ELLSWORTH — The Ellsworth School Department has worked out preliminary groups for students starting school in less than two weeks, but transportation schedules and other details are still being ironed out, administrators reported at a workshop on Tuesday evening.
As of Tuesday afternoon, there were 1,314 students enrolled in grades kindergarten through 12, said School Department Superintendent Dan Higgins. That includes 832 in kindergarten through eighth grade and 482 at the high school level, although school administrators said enrollment continues to fluctuate.
Students had the option of fully remote instruction or a hybrid model of in-person and remote learning. Students whose families opted for the hybrid model will be divided into two groups – maroon and gray – and attend school on alternating days.
“Our enrollment is certainly still in flux,” said Erica Gabbianelli, principal at Ellsworth Middle School. “I have three new registrations sitting on my desk for placement, so that is changing daily.”
Ellsworth High School Principal Dan Clifford said the school had 19 new registrations that were supposed to come in this week.
Administrators are trying “the best that we can,” said Gabbianelli, to honor families’ preferences. But it may be that some new students have to start the semester remotely if grades are at capacity.
As of Tuesday, 134 students in grades kindergarten through eighth grade had chosen the full remote option, according to figures provided by Higgins. The remaining 698 students have chosen the hybrid model. At the high school, 57 students will be remote only, while the remaining 425 will be part of the hybrid model.
Hancock County Technical Center (HCTC) Director Amy Boles said enrollment has fallen from April, when there were 252 students enrolled, to 224 as of Tuesday.
“A lot of families, as it’s getting closer, they’re getting more nervous,” said Boles. “The thought of their child being in two places is kind of a determining factor and is worrying them.”
Boles is working on scheduling students individually, taking into consideration their program, how many live work hours they need, whether they are fully remote and what group they’re in at their respective high schools. Some programs require that students attend in person to get their certification, said Boles, adding that she hopes to get schedules to families by next week.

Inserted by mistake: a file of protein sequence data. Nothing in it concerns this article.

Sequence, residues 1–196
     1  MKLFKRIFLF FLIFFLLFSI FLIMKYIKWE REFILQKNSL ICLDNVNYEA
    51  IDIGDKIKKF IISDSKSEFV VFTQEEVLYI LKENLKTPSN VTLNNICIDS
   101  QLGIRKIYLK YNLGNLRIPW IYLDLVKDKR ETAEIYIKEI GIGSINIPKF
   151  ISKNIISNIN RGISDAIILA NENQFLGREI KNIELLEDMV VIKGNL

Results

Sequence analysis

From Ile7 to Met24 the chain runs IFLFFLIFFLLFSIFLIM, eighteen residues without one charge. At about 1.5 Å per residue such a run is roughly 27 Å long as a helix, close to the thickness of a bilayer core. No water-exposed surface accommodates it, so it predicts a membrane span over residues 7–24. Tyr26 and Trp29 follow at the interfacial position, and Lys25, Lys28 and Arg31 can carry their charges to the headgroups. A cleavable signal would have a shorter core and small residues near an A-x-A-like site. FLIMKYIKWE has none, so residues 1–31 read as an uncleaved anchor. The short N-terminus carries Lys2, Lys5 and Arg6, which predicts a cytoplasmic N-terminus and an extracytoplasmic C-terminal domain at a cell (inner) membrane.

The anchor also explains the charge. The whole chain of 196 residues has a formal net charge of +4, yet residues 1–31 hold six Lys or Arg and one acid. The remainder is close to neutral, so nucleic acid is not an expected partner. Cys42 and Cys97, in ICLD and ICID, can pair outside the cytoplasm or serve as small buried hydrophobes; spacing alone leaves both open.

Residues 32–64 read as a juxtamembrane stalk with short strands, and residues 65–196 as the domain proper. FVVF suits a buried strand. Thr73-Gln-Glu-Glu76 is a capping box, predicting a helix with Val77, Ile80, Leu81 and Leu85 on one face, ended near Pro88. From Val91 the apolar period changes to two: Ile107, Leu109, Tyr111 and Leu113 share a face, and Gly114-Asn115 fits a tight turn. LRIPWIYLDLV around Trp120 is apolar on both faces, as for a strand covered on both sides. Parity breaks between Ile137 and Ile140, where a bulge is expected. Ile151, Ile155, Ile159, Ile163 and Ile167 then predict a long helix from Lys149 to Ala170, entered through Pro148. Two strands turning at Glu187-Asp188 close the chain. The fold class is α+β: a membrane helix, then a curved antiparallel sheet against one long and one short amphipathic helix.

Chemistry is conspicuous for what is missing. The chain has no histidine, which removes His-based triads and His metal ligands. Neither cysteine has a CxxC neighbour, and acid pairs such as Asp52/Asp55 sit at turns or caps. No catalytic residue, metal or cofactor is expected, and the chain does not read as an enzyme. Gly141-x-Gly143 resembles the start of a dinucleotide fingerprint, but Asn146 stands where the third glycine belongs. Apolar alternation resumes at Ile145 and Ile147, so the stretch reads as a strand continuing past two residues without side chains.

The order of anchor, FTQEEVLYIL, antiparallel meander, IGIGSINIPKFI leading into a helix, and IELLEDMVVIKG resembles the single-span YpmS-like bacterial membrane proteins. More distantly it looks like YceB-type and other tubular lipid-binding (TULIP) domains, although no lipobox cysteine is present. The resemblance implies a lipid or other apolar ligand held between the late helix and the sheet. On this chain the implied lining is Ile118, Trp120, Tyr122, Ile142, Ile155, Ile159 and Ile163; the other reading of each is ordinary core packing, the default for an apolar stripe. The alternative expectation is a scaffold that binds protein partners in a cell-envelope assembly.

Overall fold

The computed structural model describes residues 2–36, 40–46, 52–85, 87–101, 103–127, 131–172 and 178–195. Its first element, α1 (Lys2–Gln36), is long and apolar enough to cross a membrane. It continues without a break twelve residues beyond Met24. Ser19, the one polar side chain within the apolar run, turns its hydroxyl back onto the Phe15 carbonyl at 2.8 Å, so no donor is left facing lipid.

“Right now, the programs filled to capacity are multimedia and welding,” said Boles.
The school is close to capacity for its biomedical and early childhood programs, but has openings for law enforcement, culinary, certified nursing assisting, automotive, diesel and its new program, hospitality.
“We’ve lost four or five kids at that program over the last week,” said Boles. “I think people are just really nervous.”
“All of those numbers are below capacity we determined in spacing out our classrooms,” said Higgins, reading the number of students in each group, maroon and gray.
Now that groups have been (mostly) set, administrators will turn to figuring out other questions, such as bus schedules, plans for kids with food allergies and how to get food to students when they’re studying remotely.
Director of Food Services Ray Daily urged families to apply for the free and reduced lunch programs before Oct. 1, even if they’re not sure they’re eligible.
“The big thing we need for everyone to do is fill out those free and reduced applications, to bring our numbers up above the 50 percent mark,” said Daily. “That’s very important as far as qualifying for a bunch of programs the state offers us.” The applications are confidential and there will be no indication if a child gets free or reduced lunch when they are served.
Qualifying for free and reduced lunch also could help families save on child-care costs as part of the program being offered by the Down East Family YMCA, said Director Peter Farragher. The nonprofit is offering spots for 100 children per day as part of its Remote Support Care program, which will run from 7:30 a.m. to 5:30 p.m. (There are also after-school and before-school options.) A full day is slated to cost $40, but that will be reduced for families that receive free and reduced lunch.
Higgins said there also would likely be state and possibly federal support to help defray the cost of child care, but those figures have yet to be finalized.
Farragher said the Y had already given out 68 applications in less than 24 hours.
“I think the program is going to fill with Ellsworth kids,” he said.
As for bussing, those schedules are being worked out, said Director of Transportation Don Saunders.
“We’re only going to be able to carry 21 kids on the bus at the time — more if they’re from the same household,” he said. That will likely mean multiple bus runs, and the department is trying to figure out how to get students to school and home in a timely fashion.
Saunders said the department also is looking for bus drivers.
“If there is anybody out there that is at least thinking they might like to drive a school bus,” said Saunders, call 812-1105.
Administrators also urged parents to send back devices that had been sent home in the spring, such as laptops and iPads. Several hundred are still missing, said Ellsworth Elementary School Principal April Clifford, and they must be returned and updated so they can be distributed to students.
“We really need to have them in before because we’re missing several hundred devices and for IT to take them in, let them sit for 72 hours, clean them, update them, we really need people not to wait,” said Clifford.